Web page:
VISITS TO ST. SOPHIA
Volume 3 Number
In spite of injunctions and severe penalties, travellers from the
West got into mosques and jotted down, to greater or lesser extent,
what they saw there. These visits started as early as Islam with
Bishop Arculf in Jerusalem, c. 700, and several took place in the
post-Crusades, religiously variegated Levant. Here is what Fescobaldi
had to say, c. 1335: "There are the mosques....which have neither
carvings nor paintings, nay, they are inside all white and plastered
and pargeted [decorated plaster]. On their steeples they have no
bells....and on the steeples stand their chaplains and clerics day
and night, who shout when it is the hour, just as we ring....Early
on Mondays they shout on the top of their mosques, that the people
go to wash at their baths that their prayers may be heard in the
sight of God and Mohammd. Having washed, about noon, they go to
their mosques to make their prayers, which take about two hours.
As said, their mosques are all white inside, with a big number of
lighted lamps, and they all have a courtyard in the middle, and
they do not wish any Christian to enter them; and who enters does
so on pain of death, or renegs the faith." (1)
In this vein, three visits to a particular Constantinople mosque,
the former St. Sophia church, are of note:
Sandys, on visits to five mosques, including St. Sophia, c. 1610.
"The floores of the Monuments [shrines] are spread with carpets...[and
they]...on entering [mosques], sit crosse legged upon rews of
Mats, one behind another, the poore and the rich promiscously."
John Bell, on St. Sophia, c. 1720.
"Nevertheless, we were conducted up a pair of back stairs
to the gallery, from whence we had a full view of the whole. The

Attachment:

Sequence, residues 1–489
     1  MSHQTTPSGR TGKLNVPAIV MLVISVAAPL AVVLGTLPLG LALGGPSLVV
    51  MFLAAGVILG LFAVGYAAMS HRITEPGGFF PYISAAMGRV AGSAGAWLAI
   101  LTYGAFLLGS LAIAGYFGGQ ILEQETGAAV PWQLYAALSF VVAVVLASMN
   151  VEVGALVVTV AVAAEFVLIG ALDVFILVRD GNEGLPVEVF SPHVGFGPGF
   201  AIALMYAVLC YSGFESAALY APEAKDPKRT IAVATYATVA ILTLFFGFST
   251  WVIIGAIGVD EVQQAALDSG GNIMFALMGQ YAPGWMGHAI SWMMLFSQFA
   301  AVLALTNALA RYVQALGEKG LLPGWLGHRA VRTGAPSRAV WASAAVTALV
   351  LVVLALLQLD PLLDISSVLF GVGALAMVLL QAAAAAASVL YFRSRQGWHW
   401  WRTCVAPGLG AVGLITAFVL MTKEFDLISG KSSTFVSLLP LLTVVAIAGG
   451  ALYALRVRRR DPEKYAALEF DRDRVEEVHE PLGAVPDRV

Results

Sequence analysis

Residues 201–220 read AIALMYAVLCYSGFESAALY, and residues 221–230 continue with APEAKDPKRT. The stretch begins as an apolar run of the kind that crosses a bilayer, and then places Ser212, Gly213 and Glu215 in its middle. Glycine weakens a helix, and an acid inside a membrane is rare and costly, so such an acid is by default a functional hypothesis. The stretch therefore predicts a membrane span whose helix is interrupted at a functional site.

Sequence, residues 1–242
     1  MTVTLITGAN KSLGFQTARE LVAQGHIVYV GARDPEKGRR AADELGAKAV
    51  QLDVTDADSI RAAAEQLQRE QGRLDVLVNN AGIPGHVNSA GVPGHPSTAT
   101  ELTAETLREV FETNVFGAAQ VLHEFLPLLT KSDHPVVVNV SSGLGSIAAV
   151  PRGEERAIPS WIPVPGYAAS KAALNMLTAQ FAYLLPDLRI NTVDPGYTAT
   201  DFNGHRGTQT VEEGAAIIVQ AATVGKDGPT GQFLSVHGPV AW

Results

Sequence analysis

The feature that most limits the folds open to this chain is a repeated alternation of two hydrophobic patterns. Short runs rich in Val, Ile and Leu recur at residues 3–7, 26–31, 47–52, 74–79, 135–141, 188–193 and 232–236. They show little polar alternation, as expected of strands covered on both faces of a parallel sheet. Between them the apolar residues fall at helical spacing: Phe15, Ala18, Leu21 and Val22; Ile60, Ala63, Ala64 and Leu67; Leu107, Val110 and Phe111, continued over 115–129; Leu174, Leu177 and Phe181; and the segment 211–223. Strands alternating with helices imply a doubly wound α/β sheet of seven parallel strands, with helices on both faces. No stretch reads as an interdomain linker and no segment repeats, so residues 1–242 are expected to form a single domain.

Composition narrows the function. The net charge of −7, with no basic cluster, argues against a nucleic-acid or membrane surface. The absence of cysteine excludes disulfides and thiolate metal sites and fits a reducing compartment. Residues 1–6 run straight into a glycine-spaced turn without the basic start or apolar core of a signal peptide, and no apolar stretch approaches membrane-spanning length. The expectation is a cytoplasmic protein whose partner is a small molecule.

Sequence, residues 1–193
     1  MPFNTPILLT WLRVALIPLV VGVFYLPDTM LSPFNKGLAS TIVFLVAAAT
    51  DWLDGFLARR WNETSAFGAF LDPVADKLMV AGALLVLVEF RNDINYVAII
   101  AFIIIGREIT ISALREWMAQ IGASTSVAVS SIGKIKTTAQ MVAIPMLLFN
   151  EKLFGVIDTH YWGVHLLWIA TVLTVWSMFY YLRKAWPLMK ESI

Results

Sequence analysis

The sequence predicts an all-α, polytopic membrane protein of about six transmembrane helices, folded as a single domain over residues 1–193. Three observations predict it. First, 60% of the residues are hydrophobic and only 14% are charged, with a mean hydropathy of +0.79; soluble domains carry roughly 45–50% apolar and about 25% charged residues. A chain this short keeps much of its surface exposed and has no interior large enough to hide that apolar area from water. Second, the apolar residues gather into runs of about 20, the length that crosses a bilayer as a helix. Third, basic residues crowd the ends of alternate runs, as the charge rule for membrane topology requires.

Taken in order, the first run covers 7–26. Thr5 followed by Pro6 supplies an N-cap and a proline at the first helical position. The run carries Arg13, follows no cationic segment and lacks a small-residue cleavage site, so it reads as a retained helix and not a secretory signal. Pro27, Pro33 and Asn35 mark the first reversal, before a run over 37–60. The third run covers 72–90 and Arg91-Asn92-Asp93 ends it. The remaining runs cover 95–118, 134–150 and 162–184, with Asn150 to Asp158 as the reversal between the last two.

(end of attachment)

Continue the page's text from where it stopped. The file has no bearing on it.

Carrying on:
floor is laid with clean mats and carpets, having no seat, only
one pulpit for the Mullah." (3)
Richard Pococke, on St. Sophia, c. 1737. "...it is
hung with a great number of glass lamps, and the pavement is spread
with the richest carpets, where the sophtis are always studying
and repeating the alcoran..." (4)
One thing traveller reports have in common is opaqueness; the irony
here is that waryness must be the watchword because the observations
are a little too clear: in plain English, at the same place, and
with distinction between mat and carpet. The message suggests a
floor covering progression from mats to carpets. Too pat for a conclusion,
but a good signpost to a likely transition period in the floor decor
of a major metropolitan mosque, in turn, perhaps a clue to the evolution
of prayer rugs.
- Fescobaldi, Niccolo, "Pilgrimage of...", in Visit
to the Holy Places, trans.Theo. Bellorini, Franciscan Press,
Jerusalem, 1948, p. 41.
- Sandys, George, "George Sandys Journey" in Purchas
His Pilgrimes, Vol. 9, Ch. VIII, Glasgow reprint, 1905, p. 114,
- Bell, John, "Travels from St. Petersburg to Various Parts
of Asia", in Pinkerton, Voyages and Travel, 1811, Vol.
7, p. 611.